What is MRT?
Moral Reconation Therapy (MRT) is a type of behavioral therapy targeted at decreasing the possibility of someone abusing drugs or alcohol. It shows individuals in the criminal justice system with substance use disorders to focus on the moral aspects of their disease and the social repercussions that may be related to using substances or alcohol.
MRT began as a behavioral treatment for offender populations to reduce the probability of re-offending. MRT is a widely accepted cognitive-behavioral technique treating substance use disorders, trauma, domestic violence, and more.
Similar to Cognitive Behavioral Therapy (CBT), MRT aims to transform thought processes and decision-making associated with addiction and criminal behavior. It makes use of a mix of psychological practices to assist with egocentric actions and improve moral thinking and positive identity. Studies suggest it is effective in minimizing relapse after treatment.
How It Works
If you choose to use MRT as part of your drug use therapy, you’ll join private and group counseling. There’s additional homework to complete and organized group activities to participate in. In your workbook, you’ll find 16 steps focused on seven foundation treatment focuses:
- Coming face-to-face with your existing behaviors, attitudes, and beliefs
- Developing a healthy concept of self
- Lowering self-destructive tendencies and building your frustration tolerance
- Analyzing your current relationships
- Structure of higher epitomes of moral reasoning
- Building a positive identity
- Reinforcing effective behaviors and behaviors
You’ll meet in a group one or two times weekly, and you can complete the program within 24-36 sessions. Frequency of meetings may rely on the treatment center’s setup.
Who is MRT For?
You might ask yourself if you’re a suitable candidate for MRT. Know that this therapy targets particular populaces, consisting of:
- Males and females
- Individuals ages 18-55
- Trauma survivors
If you do not have a criminal background or tendencies, CBT is a comparable therapeutic approach that might be a better fit.
Juvenile Drug Courts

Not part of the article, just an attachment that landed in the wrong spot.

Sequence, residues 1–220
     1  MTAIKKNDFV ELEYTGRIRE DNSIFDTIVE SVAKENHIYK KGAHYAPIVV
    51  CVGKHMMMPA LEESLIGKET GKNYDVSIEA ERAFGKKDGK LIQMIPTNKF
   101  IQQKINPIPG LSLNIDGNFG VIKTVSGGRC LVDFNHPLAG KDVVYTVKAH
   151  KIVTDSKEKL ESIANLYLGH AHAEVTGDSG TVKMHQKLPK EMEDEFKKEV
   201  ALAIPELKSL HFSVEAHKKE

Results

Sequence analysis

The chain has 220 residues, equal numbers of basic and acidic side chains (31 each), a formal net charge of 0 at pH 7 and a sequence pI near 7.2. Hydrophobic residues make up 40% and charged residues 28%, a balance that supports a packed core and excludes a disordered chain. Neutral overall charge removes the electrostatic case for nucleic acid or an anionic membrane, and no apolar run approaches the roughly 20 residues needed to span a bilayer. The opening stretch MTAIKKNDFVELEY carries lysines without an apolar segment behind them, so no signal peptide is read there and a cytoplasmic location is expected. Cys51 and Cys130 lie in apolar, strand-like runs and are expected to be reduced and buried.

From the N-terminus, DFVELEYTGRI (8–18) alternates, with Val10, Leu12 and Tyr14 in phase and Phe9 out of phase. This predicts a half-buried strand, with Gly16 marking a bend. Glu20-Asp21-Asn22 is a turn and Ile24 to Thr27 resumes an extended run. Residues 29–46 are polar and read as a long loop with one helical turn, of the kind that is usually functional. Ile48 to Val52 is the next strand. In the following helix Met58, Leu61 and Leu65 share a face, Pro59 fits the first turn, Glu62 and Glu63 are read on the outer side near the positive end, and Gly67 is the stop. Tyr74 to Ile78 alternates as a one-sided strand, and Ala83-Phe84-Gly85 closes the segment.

According to SAMHSA, they consider MRT an evidence-based therapy. They also consider this a “Promising Practice Status” for juveniles. That said, it has received the “Evidence-Based Practice Status” classification from state divisions of human services and state departments of juvenile justice. With that in mind, it’s a good idea to incorporate MRT with another treatment program backed by evidence that’s targeted specifically at juveniles.
MRT Addiction/Substance Abuse Treatment
The MRT drug abuse program includes 16 actions. Completion occurs after the first 12 steps. The last four are optional. Generally, an individual can finish the program within 24-36 group sessions kept in accordance with the agency’s implementations and requirements. For instance, drug courts and probation sites usually hold a regular group.
Individuals complete homework before attending each session. In the group, individuals present their assignments and the facilitator passes the individual to the following step (or has the client re-do the homework based on objective standards). All MRT groups are open-ended, indicating that new individuals can enter into an ongoing group any time.
Something else worth noting with this therapeutic approach; people resistant to similar therapies in the past might find this particular therapy beneficial. If you have participated in a number of various treatment or therapy programs to no avail, this therapy method might offer hope. MRT focuses on dealing with the whole person morally, socially, and behaviorally. This holistic view could decrease the chance for relapse.